At Dreamforce, Sarah also told me about the Bumble Fund and encouraged me to apply, which I did. However, I didn’t think anything would come of it because I had been let down so many times in the past by funds that say they want diverse deal flow and diverse representation of founders, but for some reason they would never write a check. But this time I did get funded, which was amazing, and I was also invited to the Bumble Fund Summit, which ended up being one of the coolest and most validating experiences of my life. I had been to countless events like this prior to my transition, and they were mostly incredibly toxic tech bro spaces. White men pitching white men while they pound their chests (and later pound beers). The Bumble Fund Summit was a complete reinvention of this, and it was a glimpse into what it would be like if venture capital was actually run by women. I found out pretty quickly that the answer was that it would be like nothing I’d ever experienced before. There were no “gotcha” moments, and no one was trying to take advantage of anyone else. Quite the opposite, as everyone was genuinely interested in helping each other. The entire summit was highly curated, and it was designed to allow us all to get to know one another better so that we could launch our businesses and make the world a better place, in addition to getting good returns. I met so many powerful women at that event, and you were one of the first.
JZ: We met on the first day at the pool and very quickly fell into an intense conversation.
NE: Yes! We had a deep connection that first day by that beautiful pool. I told you that I have a dream to change the world through technology; to use it to spread empathy and understanding.
JZ: And I remember feeling like I was already committed, but I did not let you know that. We had a few more days to figure things out.
NE: The next day was the morning of the hot air balloon ride. I had signed up for the activity to push myself outside of my comfort zone and conquer a fear by trying a new experience. But I was still scared, and even more so when I showed up and it was just me, you, Arielle Zuckerberg, and Nathalie Molina Niño going for the ride.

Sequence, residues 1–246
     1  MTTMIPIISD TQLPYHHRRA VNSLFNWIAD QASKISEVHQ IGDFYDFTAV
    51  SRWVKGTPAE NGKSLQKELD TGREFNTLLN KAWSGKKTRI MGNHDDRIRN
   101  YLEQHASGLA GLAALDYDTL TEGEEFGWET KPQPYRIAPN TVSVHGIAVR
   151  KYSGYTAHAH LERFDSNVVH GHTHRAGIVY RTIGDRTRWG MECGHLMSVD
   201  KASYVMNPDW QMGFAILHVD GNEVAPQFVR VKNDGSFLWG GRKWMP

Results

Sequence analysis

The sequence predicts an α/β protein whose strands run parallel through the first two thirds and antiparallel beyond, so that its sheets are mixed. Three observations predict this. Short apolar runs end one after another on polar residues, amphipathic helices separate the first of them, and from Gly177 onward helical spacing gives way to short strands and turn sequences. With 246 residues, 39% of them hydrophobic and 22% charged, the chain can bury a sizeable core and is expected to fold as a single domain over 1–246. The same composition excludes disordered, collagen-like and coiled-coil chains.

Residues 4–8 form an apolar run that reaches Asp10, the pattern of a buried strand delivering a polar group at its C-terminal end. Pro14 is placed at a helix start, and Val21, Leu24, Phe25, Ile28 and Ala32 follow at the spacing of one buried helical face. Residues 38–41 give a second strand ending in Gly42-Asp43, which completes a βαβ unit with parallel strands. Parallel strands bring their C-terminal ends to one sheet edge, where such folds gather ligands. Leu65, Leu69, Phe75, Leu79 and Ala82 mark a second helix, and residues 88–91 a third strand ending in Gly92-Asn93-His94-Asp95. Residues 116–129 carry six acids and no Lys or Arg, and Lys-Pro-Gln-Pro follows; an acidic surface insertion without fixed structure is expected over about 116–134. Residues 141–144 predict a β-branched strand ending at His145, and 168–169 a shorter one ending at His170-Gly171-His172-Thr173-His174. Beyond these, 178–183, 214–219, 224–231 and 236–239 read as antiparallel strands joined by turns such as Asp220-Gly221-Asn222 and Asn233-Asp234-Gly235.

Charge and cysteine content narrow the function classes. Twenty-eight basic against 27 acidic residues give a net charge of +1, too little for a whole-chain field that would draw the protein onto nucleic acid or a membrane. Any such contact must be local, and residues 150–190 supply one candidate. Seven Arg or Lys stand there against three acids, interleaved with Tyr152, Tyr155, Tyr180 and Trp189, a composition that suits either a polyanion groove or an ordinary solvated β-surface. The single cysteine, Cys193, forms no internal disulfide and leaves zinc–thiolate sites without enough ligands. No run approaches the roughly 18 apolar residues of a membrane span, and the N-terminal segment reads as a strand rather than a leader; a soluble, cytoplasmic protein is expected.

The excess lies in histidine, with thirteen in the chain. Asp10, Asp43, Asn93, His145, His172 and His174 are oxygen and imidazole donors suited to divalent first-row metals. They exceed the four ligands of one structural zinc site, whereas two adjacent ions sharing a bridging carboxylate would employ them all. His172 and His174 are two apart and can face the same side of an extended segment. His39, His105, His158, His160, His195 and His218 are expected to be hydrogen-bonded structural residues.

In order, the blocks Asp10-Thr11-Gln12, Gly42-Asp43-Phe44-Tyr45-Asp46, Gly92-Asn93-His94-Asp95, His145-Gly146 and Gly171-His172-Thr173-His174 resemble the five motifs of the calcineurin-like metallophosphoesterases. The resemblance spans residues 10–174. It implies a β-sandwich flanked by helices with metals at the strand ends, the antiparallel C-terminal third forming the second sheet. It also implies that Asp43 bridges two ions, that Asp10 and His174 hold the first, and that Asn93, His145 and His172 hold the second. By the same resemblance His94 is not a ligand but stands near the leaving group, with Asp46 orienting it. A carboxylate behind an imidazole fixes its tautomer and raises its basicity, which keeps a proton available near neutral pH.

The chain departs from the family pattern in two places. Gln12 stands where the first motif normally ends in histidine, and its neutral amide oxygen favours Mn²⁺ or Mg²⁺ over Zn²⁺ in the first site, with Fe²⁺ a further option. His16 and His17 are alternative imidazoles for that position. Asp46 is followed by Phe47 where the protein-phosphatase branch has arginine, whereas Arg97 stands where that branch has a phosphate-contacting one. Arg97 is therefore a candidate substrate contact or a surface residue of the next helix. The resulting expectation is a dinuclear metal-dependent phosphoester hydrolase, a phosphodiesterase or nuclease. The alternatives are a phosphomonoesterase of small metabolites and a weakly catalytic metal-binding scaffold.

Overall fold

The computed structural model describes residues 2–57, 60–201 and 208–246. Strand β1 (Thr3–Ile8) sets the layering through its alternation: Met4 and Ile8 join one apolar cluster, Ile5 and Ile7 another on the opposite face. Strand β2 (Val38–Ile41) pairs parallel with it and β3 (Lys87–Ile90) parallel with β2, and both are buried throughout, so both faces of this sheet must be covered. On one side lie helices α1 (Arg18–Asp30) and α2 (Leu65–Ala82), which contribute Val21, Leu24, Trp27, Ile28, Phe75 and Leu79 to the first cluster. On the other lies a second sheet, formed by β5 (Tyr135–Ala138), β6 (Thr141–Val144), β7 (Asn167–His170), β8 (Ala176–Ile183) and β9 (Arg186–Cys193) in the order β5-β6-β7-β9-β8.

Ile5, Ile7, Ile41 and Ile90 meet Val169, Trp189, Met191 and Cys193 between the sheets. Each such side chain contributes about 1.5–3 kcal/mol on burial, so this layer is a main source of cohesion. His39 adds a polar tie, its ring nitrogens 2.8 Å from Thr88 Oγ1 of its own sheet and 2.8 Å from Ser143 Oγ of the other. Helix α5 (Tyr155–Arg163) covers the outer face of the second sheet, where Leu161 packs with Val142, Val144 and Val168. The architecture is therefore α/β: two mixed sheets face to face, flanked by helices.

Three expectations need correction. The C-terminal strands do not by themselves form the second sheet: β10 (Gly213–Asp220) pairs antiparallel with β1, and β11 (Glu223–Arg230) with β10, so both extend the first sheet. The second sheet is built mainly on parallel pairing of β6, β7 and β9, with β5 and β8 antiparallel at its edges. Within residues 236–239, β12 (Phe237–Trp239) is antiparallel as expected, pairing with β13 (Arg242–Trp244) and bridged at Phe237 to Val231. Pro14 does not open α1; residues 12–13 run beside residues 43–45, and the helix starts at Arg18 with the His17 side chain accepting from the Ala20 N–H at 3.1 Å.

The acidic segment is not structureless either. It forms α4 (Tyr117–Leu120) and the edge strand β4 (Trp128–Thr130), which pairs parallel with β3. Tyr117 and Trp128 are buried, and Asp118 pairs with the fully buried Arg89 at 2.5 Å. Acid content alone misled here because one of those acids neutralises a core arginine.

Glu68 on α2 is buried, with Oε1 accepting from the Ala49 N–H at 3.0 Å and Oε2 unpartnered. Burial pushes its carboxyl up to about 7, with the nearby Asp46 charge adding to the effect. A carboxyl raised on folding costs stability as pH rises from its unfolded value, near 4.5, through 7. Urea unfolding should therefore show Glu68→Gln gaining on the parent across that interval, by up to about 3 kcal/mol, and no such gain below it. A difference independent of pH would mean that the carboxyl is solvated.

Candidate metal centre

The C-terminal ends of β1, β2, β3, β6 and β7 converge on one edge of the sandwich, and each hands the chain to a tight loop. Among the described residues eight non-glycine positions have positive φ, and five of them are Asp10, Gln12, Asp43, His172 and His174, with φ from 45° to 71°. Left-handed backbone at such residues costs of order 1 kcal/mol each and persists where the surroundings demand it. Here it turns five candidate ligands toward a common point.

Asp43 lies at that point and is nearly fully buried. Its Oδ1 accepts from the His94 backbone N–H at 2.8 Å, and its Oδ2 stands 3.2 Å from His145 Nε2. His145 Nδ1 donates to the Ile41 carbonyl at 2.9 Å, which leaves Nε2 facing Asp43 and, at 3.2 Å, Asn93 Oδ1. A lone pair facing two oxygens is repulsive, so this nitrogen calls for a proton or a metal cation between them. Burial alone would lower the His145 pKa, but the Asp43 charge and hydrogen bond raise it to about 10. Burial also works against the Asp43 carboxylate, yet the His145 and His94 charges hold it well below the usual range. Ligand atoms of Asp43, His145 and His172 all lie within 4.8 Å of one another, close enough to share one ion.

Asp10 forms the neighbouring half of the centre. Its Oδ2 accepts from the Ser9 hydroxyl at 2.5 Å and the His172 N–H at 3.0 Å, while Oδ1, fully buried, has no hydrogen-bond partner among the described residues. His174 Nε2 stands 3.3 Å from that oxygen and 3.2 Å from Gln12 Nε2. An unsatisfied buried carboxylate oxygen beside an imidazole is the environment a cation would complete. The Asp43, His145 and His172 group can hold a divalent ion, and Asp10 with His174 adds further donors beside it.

JZ: So basically you and three potential investors.
NE: Exactly. But not just regular investors. Badass women-changing-the-world type investors. And I was the only founder. On the inside I was freaking out. Where were the other founders so I could hide?? And talk about imposter syndrome! I was so nervous. Will they accept me as a woman?? Or will they just pretend to accept me because they have to? I was just trying to stay cool on the outside, and then at about cruising altitude, Arielle turns to me and says, “Okay Natalie, give us your hot air balloon pitch!”
I was completely taken off guard and unprepared. There was no countdown clock. No pitch deck. No intimidating men staring blankly at me who see risk no matter what I say or what I have accomplished. I thought gosh, how should I do this? And then I had my moment, I just decided to tell my story. I started at the beginning. I told you all about my childhood, growing up with two older brothers and a very conservative and successful father, who all instilled masculine principles of discipline and character in me any chance they could. I talked about the shame of hiding who I was my whole life, the damage it caused, and the people I inadvertently hurt along the way. And then of course I spoke to the challenges I’ve faced as a transgender woman in the startup world, and my post-transition discovery that the white male if-you-work-hard-you-will-get-what-you-want type of tenacity that I was taught growing up doesn’t automatically equal outcomes if you come from a marginalized background. And finally, I laid out my vision for Translator to address all these problems. Both where we were and where we were headed.